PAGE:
Background Sepsis is a condition characterised by a massive acute inflammatory response and insulin resistance. Several inflammatory mediators involved in the immune response during sepsis have been identified. Recently it has become clear that adipose tissue contributes to the production of pro- and anti-inflammatory mediators, which have been termed adipokines. Adiponectin is an adipokine that has anti-diabetic, anti-atherogenic and anti-inflammatory properties. Its role in chronic inflammatory diseases, such as type II diabetes mellitus (DM) and obesity has been extensively studied. Generally, adiponectin is down-regulated in these conditions which are characterised by insulin resistance. Adiponectin, previously thought to be exclusively expressed in and secreted from adipocytes, has now been shown to be released from other tissues such as skeletal muscle, cardiac muscle and bone. Adiponectin from adipose tissue is down-regulated in mouse models of sepsis, however, no information is available about the role of adiponectin receptors. In chronic insulin resistance, adiponectin receptor gene expression is decreased, suggesting a down-regulation of the ‘adiponectin system’. Adiponectin gene expression appears to be partially regulated by NFκB, a transcription factor co-ordinating the release of inflammatory mediators in response to an appropriate stimulus, such as lipopolysaccharide. Other signalling mechanisms may also be involved, in particular the HIF-1α pathway. HIF-1α is another transcription factor with a large number of target genes, many of which are involved in the inflammatory process. Although HIF-1α was initially discovered as a cellular regulator of hypoxia, the pathway has now been shown to be activated by other non-hypoxic mechanisms of up-regulation, including bacterial infection. HIF-1α is expressed in immune cells, however, its role in adipose tissue during sepsis remains unclear. Methods Three different lines of experiments used in this thesis. The animal model used high dose LPS injected intra-peritoneally (under general anaesthesia) into 8-10 week old male C57BL/6J mice. Mice were killed at 4 or 24 hours after injection and tissues (Peri-renal, subcutaneous and epididymal fat, liver, muscle, small bowel and spleen) were removed for analysis. Adiponectin and adiponectin receptor gene expression was determined by quantitative real-time PCR (qPCR). The cell culture model used cell lines, 3T3-L1 adipocytes and C2C12 myocytes, grown in culture and then treated with varying concentrations of LPS. Cells were harvested at 4 and 24 hours and qPCR was performed to ascertain adiponectin and adiponectin receptor gene expression. The same animal and cellular models were utilised for the HIF-1α investigations with protein determination carried out using ELISA. Finally, twenty-one septic patients were recruited from the Intensive care unit at the Royal Liverpool University Hospital, following ethical approval and written consent. Blood samples were taken on days 1 and 2 and day of discharge and serum levels of total and HMW adiponectin were determined by ELISA. Results Alterations in adiponectin and its receptors expression in murine endotoxaemia Adiponectin receptors were down-regulated following LPS injection. The greatest changes acutely were in muscle, liver and peri-renal fat (adipoR1) and liver, muscle, peri-renal and sub-cutaneous fat (adipoR2). There were no significant changes in the other tissue depots. After 24 hours, there were fewer changes in gene expression with adipoR1 being down-regulated in liver and skeletal muscle and AdipoR2 in skeletal muscle only. Down-regulation of adiponectin gene expression following LPS was confirmed in the adipose tissue depots. We demonstrated that the adiponectin gene was expressed in skeletal muscle and sequencing of the PCR product confirmed a 100% match for adiponectin mRNA. C2C12 myocytes were then used to verify the presence of adiponectin mRNA in skeletal muscle cells. In tissue depots, adiponectin gene expression was significantly reduced in skeletal muscle in both the 4 and 24 hour cohorts respectively. Alterations in adiponectin and its receptors expression in cell lines In the cell lines, the inflammatory response to LPS was confirmed using IL-6 as a reference gene. This also confirmed methodological success. Adiponectin gene expression from 3T3-L1 adipocytes was acutely reduced following treatment with high dose LPS but there were no changes in expression in cells treated with lower concentrations of LPS. There were no changes at 24 hours. Adiponectin receptors were down-regulated but not consistently with dose and these changes were only observed in the cells harvested after 4 hours. In C2C12 myocytes, there was a significant reduction in adiponectin gene expression following high doses of LPS but there were minimal changes in adiponectin receptor expression in the C2C12 myocytes. Human Study There was a significant increase in both total and HMW adiponectin between day 1 and day of discharge and the ratio of HMW adiponectin to total adiponectin also increased between admission and discharge. There were no changes in total or HMW adiponectin or their ratio between day 1 and day 2 of admission. HIF-1α HIF-1α gene expression was up-regulated in liver and spleen 4 hours post LPS injection. The changes persisted 24 hours after LPS treatment with increased expression in liver, small bowel and spleen. Protein levels were elevated in skeletal muscle after 4 hours and liver after 24 hours and spleen. Discussion These results increase the evidence that adipose tissue is not an inert storage medium for fatty acids but a sophisticated endocrine organ. The ‘adiponectin system’, including adiponectin and its two receptors, is down-regulated in-vivo and in-vitro models of sepsis. This may play a role in the metabolic derangements such as hyperglycaemia and insulin resistance. In addition, hypoadiponectinaemia may have a significant role in the disordered inflammatory process known to occur in sepsis, possibly impacting on mortality as shown in some animal studies. Adiponectin is not exclusively adipose tissue derived and interestingly we have demonstrated the presence of adiponectin mRNA in other tissue such as skeletal muscle. The effect of reduced gene expression from extra-adipose tissue depots is yet to be established but may have a paracrine or autocrine effect rather than an endocrine role. Low total and HMW adiponectin levels during human sepsis have also been identified. Whilst hypoadiponectinaemia in sepsis has been observed in previous studies, increases in HMW adiponectin associated with clinical improvement have not been previously demonstrated. A further signalling pathway investigated in these models was HIF-1α. These results demonstrate a global up-regulation of HIF-1α gene expression across tissue depots and cellular models. This may reflect tissue hypoxia but also may reflect non-hypoxic up-regulation by LPS and inflammatory mediators. HIF-1α is known to play a part in the inflammatory process and, like adiponectin, has links to the NFκB signalling pathways.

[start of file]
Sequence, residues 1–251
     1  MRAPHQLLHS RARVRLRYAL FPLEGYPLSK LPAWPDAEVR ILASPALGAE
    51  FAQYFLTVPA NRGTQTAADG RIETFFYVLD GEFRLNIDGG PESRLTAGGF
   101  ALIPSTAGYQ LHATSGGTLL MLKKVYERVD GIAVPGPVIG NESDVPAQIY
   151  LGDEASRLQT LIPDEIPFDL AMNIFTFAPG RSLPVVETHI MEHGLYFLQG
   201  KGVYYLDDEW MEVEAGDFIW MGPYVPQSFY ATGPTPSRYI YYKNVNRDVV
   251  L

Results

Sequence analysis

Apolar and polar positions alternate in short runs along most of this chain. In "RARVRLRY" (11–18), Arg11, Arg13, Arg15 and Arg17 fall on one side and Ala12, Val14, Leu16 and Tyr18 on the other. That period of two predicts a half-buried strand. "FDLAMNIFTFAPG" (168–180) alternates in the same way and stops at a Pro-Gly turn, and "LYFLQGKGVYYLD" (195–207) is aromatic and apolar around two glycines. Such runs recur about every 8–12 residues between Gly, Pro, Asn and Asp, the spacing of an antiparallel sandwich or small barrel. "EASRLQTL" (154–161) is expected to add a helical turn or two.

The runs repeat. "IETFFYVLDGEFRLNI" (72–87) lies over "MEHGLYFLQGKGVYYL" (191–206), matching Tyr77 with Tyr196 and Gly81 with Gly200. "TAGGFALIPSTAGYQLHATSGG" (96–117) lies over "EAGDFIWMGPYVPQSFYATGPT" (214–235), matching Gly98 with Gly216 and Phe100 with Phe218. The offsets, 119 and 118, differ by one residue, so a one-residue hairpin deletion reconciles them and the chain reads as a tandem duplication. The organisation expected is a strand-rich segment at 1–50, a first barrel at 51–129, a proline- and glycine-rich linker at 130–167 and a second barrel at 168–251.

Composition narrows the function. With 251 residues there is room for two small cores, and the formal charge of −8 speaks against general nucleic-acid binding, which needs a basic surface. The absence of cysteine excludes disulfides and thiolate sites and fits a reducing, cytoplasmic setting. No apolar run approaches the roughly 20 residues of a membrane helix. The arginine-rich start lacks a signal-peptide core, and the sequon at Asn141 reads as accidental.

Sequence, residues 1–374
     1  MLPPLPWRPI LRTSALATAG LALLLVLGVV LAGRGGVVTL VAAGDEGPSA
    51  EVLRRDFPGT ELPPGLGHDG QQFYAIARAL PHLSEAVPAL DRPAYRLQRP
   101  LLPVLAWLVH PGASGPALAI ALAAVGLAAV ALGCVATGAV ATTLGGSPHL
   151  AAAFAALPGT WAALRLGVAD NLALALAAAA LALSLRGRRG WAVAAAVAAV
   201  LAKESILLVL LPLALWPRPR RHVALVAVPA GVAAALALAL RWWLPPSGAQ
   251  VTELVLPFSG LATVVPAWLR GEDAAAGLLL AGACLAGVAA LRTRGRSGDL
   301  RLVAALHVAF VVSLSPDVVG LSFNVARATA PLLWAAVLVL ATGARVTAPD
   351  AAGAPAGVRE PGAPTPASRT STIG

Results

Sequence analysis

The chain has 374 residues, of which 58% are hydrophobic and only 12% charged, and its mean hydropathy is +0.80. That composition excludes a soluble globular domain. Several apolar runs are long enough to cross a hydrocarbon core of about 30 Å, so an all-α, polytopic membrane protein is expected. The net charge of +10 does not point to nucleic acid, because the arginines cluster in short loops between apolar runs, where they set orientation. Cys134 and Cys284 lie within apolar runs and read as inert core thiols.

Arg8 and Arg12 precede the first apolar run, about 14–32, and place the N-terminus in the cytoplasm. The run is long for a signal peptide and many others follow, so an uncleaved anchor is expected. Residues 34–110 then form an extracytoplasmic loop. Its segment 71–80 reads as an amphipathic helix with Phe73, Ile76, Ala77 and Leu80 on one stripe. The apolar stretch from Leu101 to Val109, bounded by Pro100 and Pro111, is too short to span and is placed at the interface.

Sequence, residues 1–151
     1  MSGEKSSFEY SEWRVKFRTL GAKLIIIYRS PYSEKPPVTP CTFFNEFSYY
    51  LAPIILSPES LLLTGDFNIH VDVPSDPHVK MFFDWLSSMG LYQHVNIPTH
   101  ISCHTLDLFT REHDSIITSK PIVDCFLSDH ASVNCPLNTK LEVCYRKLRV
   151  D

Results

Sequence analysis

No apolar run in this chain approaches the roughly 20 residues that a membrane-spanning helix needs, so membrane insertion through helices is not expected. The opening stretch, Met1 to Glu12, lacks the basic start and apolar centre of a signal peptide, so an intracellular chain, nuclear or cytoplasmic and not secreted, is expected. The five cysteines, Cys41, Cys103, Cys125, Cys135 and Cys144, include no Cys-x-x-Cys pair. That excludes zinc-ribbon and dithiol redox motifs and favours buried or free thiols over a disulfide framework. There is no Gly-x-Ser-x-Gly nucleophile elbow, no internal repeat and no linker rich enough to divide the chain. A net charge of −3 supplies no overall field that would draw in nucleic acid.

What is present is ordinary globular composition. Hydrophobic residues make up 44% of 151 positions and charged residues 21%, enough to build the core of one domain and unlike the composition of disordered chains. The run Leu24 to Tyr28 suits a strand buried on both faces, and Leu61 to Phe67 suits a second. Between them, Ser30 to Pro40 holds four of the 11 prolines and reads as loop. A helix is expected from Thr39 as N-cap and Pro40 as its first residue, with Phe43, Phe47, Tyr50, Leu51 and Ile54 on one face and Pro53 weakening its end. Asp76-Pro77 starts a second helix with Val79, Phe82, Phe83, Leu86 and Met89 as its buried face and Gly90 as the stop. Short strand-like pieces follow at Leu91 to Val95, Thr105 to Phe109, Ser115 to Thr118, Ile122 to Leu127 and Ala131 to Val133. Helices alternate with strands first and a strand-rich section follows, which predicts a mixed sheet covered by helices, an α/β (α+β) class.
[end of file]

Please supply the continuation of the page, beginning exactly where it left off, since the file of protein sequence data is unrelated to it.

Page generated in 0.0247 seconds